Monday, 8 February 2010

Oil Money Used To Fund Climate Deniers

An orchestrated campaign is being waged against climate change science to undermine public acceptance of man-made global warming it was claimed.

The attack against scientists supportive of the idea of climate change has grown in ferocity and become more personal since the leak of thousands of documents on the subject from the University of East Anglia (UEA) on the eve of the Copenhagen climate summit last December.

Anti-climate change think-tanks such as the Atlas Economic Research Foundation in the US and the International Policy Network in the UK have received grants totalling hundreds of thousands of pounds from the multinational energy company ExxonMobil. Both organisations have funded international seminars pulling together climate change deniers from across the globe.

Critics have broadcast material from the leaked UEA emails to undermine climate change predictions and to highlight errors in claims that the Himalayan glaciers could disappear by 2035.

Climate deniers broadcast stories last week casting doubts on scientific data predicting dramatic loss of the Amazon rainforest. All three stories, picked up by mainstream media, questioned the credibility of the International Panel on Climate Change (IPCC) and the way it does its work.

The controversies have shaken the IPCC, whose chairman, Dr Rajendra Pachauri, was subjected to a series of personal attacks on his reputation and lifestyle last week. A poll this weekend confirmed that public confidence in the climate change consensus has been shaken: one in four Britons – 25 per cent – now say they do not believe in global warming; previously this figure stood at 15 per cent.

Professor Bob Watson, the chief scientific adviser of Defra and former chairman of the IPCC, said yesterday that the backlash is the result of a campaign: "It does appear that there's a concerted effort by a number of sceptics to undermine the credibility of the evidence behind human-induced climate change."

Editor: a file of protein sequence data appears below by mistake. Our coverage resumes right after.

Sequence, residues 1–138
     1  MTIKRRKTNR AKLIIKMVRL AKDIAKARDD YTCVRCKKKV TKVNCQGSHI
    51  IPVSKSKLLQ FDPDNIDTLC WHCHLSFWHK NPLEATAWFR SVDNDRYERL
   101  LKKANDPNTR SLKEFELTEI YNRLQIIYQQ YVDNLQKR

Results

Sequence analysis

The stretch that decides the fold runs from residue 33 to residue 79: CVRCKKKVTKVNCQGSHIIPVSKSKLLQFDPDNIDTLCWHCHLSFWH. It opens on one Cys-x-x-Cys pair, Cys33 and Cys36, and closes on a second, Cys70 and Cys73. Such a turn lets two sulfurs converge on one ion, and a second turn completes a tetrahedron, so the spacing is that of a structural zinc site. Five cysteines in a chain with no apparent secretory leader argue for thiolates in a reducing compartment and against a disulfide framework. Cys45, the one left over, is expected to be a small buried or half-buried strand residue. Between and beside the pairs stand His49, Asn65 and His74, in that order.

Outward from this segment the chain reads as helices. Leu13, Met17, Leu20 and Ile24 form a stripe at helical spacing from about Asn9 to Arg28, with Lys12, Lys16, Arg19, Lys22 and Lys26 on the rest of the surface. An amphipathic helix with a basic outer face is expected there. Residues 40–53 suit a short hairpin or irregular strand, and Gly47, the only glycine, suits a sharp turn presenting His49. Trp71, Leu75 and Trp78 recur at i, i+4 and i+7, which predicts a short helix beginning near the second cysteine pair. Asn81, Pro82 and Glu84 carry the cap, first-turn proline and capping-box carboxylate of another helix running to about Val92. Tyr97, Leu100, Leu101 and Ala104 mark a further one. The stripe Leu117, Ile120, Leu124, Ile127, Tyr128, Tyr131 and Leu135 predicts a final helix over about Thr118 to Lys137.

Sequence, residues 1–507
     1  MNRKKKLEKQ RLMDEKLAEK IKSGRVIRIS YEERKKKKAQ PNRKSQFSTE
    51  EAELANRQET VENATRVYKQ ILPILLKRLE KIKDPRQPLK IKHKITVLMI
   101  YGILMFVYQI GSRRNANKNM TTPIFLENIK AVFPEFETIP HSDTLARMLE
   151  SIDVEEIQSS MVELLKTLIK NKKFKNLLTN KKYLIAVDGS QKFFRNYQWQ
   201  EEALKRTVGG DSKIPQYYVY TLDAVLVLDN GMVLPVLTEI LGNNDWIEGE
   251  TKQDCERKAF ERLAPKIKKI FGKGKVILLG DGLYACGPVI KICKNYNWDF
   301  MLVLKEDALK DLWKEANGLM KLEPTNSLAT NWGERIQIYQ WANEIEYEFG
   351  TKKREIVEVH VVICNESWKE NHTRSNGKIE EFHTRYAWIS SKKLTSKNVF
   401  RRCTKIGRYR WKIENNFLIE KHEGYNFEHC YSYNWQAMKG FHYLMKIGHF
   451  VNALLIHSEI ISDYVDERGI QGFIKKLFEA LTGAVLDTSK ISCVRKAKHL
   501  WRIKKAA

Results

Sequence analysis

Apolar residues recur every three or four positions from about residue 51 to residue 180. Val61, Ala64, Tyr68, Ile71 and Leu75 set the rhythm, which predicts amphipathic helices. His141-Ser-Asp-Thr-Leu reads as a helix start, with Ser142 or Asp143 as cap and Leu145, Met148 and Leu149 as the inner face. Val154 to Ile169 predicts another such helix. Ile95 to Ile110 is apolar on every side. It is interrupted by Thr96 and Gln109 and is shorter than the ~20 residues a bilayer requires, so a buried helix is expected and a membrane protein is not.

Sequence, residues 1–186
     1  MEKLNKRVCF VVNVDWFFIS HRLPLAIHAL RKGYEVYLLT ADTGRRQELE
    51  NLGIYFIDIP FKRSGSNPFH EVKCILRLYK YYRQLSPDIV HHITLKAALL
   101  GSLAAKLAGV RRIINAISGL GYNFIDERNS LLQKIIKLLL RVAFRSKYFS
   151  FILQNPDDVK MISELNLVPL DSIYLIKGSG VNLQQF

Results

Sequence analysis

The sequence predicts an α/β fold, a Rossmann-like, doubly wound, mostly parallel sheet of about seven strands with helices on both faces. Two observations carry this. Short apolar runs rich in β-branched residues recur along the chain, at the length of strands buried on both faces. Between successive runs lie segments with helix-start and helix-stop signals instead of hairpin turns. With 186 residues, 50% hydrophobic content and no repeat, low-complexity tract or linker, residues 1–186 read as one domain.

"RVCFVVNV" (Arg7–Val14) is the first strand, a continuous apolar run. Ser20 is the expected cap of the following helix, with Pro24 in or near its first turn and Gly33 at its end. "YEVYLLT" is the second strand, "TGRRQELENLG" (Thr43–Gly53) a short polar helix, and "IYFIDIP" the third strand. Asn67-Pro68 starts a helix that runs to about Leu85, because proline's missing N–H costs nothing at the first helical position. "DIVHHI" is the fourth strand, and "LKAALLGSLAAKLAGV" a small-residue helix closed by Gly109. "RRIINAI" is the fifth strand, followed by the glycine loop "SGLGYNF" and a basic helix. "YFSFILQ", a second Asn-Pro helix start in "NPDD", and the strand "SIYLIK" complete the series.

A complicated web of relationships revolves around a number of right-wing think-tanks around the world that dispute the threats of climate change. ExxonMobil is a key player behind the scenes, having donated hundreds of thousands of dollars in the past few years to climate change sceptics. The Atlas Foundation, created by the late Sir Anthony Fisher (founder of the Institute of Economic Affairs), received more than $100,000 in 2008 from ExxonMobil.

Atlas co-sponsored a meeting of the world's leading climate sceptics in New York last March. Called "Global Warming: Was It Ever Really a Crisis?", it was organised by the Heartland Institute – a group that described the event as "the world's largest-ever gathering of global warming sceptics". The organisation is another right-wing think-tank to have benefited from funding given by ExxonMobil in recent years.

A large British contingent was present at the event, with speakers including Dr Benny Peiser, from Lord Lawson's climate sceptic think-tank, the Global Warming Policy Foundation (GWPF); the botanist David Bellamy; Julian Morris and Kendra Okonski from the London-based International Policy Network; the weather forecaster Piers Corbyn; Christopher Monckton, a former policy adviser to Margaret Thatcher; and Professor David Henderson, a member of GWPF's advisory council.

Bob Ward from the London School of Economics, said: "A lot of the climate sceptic arguments are being made by people with demonstrable right-wing ideology which is based on opposition to any environmental regulation of the market, and they are clearly being given money that allows them to disseminate their views more widely than would be the case if they didn't have oil company funding."

I have been looking at James Delingpole at the Telegraph, his denialist views seem comic but some are taking him seriously. He says he 'is right about everything' and refers to those who think climate change is serious as 'warmists'. He talks about 'Al Gore’s AGW gravy train' as though climate scientists are a highly paid conspiracy. He thinks wind turbines destroy the landscape!
His attacks on IPCC Chair Pachauri get more personal.

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